TABLE 1______________________________________Approximate Reaction Composition CoefficientsZeolite a b c______________________________________A 0.5-1.5 1.6-2.2 10-100X 0.8-1.5 2.5-5 25-60Y 0.3-0.6 6-9 35-50______________________________________
After determining the moisture, alumina and silica contents of the fired kaolin-type clay bodies, sufficient alumina, silica and/or caustic are added to the reaction medium to achieve the desired ratios. If additional alumina is required, an alumina source, such as alumina trihydrate, activated alumina or alkali metal aluminate, is used. To raise the silica level for the silica-rich zeolites such as zeolites X and Y, a silica source, such as colloidal silica sol, silicic acid, alkali metal silicate, silica gel, or reactive particulate silica, should be added, either to the mixture to be shaped, to the alkaline reaction medium, or to both. The level of metal M is usually adjusted by adding it as its hydroxide compound to the alkaline reaction medium.
The conversion to crystalline zeolite may be done in one or two steps. If a two-step process is used, the reaction mixture is maintained at a temperature of from about 10° C. to about 70° C. for two to as many as twenty-four hours. After this preliminary so-called "aging" step, the temperature of the mixture is raised to a temperature of from about 80° C. to about 120° C. and preferably about 90° C. to about 110° C. for the so-called "digestion" step. In some instances the composition of the medium could be changed at this point, for example, by adding more hydroxide compound or silica source. The actual digestion or crystallization is allowed to proceed until substantially all of the reactive kaolin-type clay has been converted to a crystalline zeolite. Depending on temperature, composition of the reaction mixture, and degree of agitation, the conversion will usually be complete in under thirty hours. Digestions of three to five hours are typical in many cases. In a one-step process the aging step is eliminated and the temperature is immediately raised to approximately 90° C. to 110° C. Agitation may sometimes be useful to speed the process; however, crystallinity and attrition resistance of the product should be carefully considered in deciding whether to agitate.
The zeolite bodies are recovered from the digestion medium, conveniently by screening or sluicing, and washed. The bodies are then dried under circulating air, usually in an oven at a temperature of from 25° C. to 150° C. for several hours.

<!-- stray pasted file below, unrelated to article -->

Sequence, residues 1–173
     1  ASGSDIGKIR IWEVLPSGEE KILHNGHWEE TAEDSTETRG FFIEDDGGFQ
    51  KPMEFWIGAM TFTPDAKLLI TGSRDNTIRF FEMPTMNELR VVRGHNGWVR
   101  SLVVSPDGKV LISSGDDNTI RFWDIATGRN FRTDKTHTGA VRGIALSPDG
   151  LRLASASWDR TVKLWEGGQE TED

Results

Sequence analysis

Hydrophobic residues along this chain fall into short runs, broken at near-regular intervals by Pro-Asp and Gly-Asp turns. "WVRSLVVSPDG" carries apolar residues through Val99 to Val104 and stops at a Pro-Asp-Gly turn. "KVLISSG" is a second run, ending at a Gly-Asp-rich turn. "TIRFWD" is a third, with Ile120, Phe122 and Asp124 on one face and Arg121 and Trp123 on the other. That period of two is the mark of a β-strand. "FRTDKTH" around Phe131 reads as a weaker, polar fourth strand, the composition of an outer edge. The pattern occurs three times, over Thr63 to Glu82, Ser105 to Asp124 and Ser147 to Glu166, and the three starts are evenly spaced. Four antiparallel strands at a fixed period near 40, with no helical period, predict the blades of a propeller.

After this drying step the product may be analyzed chemically and by X-ray diffraction. If adsorption characterization is desired, the zeolite bodies must be dehydrated by heating at even higher temperatures and preferably at reduced pressures. Good results have been observed if the bodies are heated at about 300° C. to about 400° C. at a pressure of 0.1 mm Hg or less. Water and oxygen adsorption parameters can then be determined using McBain-Bakr adsorption equipment.
The zeolite bodies that are prepared by the process of this invention may be readily ion-exchanged to replace all or part of the original cations in the zeolite body with other cations to modify certain properties, such as adsorption selectivity, catalytic activity and ion-exchange specificity. The ion-exchange can be accomplished by methods such as batch or continuous exchange using, for example, dilute solutions (about 1M) of halide salts of the exchanging ion.
This summary of the process is intended to guide one in the practice of this invention. Some changes and modifications may be possible without losing any or all of the benefits and without deviating from the spirit and scope of the invention.
A kaolin-type clay is one which has the following general formula,
Al2 O3 ˇ2SiO2 ˇ2-4H2 O
and which, when in an amorphous reactive form, can be converted to a crystalline aluminosilicate molecular sieve of the zeolite type. The kaolin-type clays preferred for the practice of this invention are kaolinite and halloysite. Such clays are produced in granular forms consisting of primary mineral particles, which are fractions of a micron to a few microns in size, and aggregated particles, which may be ten to hundreds of microns in size. Aggregated particles may be ground to primary particles or to smaller aggregates under 100 microns in size by conventional techniques. Primary or ground particles having a large particle size distribution may be sized by a variety of techniques, e.g., screening and elutriation, into fractions having much narrower distributions.